The Grange, Broadhembury

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The Grange, Broadhembury, west front in 2006 Broadhembury, The Grange - geograph.org.uk - 140815.jpg
The Grange, Broadhembury, west front in 2006

The Grange is a historic estate in the parish of Broadhembury in Devon, England. The surviving 16th-century mansion house (known as The Grange) is listed Grade I on the National Heritage List for England. [1]

Contents

History

The Grange estate served originally as the grange of nearby Dunkeswell Abbey, the lands of which were sold off by the Crown following the Dissolution of the Monasteries. The manor of Broadhembury was amongst these possessions and was acquired from the Crown by Thomas Wriothesley, 1st Earl of Southampton (1505-1550), whose grandson sold it to Edward Drew (c.1542–1598). [2] Edward Drew (c.1542–1598) [3] later purchased the manor of Broadhembury including the lands and buildings of the grange of Dunkeswell Abbey.

The Grange; detail from 1800 Swete watercolour TheGrange Broadhembury Devon ByRevJohnSwete 1800 Detail.png
The Grange; detail from 1800 Swete watercolour

Arthur Charles Edward Locke, of Northmoor, eldest son of Adèle Caroline Drewe (d.1895) sold the Grange estate in 1903. [4] [5]

At some time before 1927 [6] the 17th-century carved and highly decorative oak panelling of the room in the south crosswing was purchased by the art dealer "Charles of London" (Charles Duveen, younger brother of Joseph Duveen) and was shipped to its New York showroom where it was purchased by the tycoon William Randolph Hearst (1863-1951) who placed it in warehouse storage together with many other such purchases. [7] In 1943/4 it was purchased by Dr Preston Pope Satterwhite of Louisville, Kentucky (a friend of Mrs J.B. Speed) [8] who donated it to the Speed Art Museum in Louisville, Kentucky, USA. [9] [1] In 1943 it was reassembled in the museum as a slightly longer room, called "The English Renaissance Room", but reopened in March 2016 after substantial refurbishment in its original proportions. [10]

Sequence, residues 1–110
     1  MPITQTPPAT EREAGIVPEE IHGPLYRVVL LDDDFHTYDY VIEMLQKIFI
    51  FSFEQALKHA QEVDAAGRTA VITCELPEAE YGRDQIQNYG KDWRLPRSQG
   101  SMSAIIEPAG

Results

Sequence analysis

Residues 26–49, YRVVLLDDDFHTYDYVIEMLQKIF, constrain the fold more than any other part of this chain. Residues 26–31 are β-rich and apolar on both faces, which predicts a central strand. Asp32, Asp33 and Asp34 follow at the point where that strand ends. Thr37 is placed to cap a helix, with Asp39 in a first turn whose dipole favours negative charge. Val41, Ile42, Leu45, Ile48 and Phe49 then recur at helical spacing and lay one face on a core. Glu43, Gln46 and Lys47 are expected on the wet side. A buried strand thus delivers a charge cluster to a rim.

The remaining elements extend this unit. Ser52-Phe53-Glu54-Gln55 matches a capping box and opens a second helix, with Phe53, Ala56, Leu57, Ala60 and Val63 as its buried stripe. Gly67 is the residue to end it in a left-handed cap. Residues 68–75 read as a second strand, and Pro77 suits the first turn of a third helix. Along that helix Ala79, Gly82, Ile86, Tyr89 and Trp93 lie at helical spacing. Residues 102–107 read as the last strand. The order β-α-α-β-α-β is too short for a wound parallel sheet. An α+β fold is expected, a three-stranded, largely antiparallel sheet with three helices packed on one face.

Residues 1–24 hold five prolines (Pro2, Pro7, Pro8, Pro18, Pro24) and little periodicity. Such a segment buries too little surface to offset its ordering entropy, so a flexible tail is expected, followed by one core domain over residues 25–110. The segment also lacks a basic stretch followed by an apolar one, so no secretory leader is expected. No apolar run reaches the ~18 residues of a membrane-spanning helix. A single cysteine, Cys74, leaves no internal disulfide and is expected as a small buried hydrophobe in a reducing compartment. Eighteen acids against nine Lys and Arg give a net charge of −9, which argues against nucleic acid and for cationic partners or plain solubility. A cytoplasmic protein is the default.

In the late 1990s, The Grange house was purchased by Ben Andersen. [11] The gardens of The Grange were featured in the 2017 book The Secret Gardeners by Victoria Summerley and photographer Hugo Rittson Thomas. [12]

Further reading

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References

  1. 1 2 Historic England, "Grange (1098064)", National Heritage List for England , retrieved 8 November 2017
  2. Pole, p.182
  3. Date of death 1598 per History of Parliament biography ; Prince stated him to have died in 1622, p.337, apparently in error
  4. Punchard
  5. Devon Record Office, DRO 547B/188, sale particulars 1903
  6. Listed in Charles of London catalogue, 1927, per
  7. The William Randolph Hearst Archive: An Emerging Opportunity for Digital Art Research and Scholarship, Catherine Larkin, Long Island University, pp.1-2
  8. Kentucky New Era newspaper, Thursday 11 July, p.58
  9. Harris, John, Moving Rooms: the Trade in Architectural Salvages, London, 2007, p.24
  10. Louisville Courier-Journal online newspaper, February 5, 2016
  11. Society for the Protection of Ancient Buildings, whose members were invited to view the Grange by Kirstie Allsopp on 29 August 2009
  12. Summerley and Rittson Thomas, 2017, p. 12

Coordinates: 50°49′49″N3°17′22″W / 50.8303°N 3.2895°W / 50.8303; -3.2895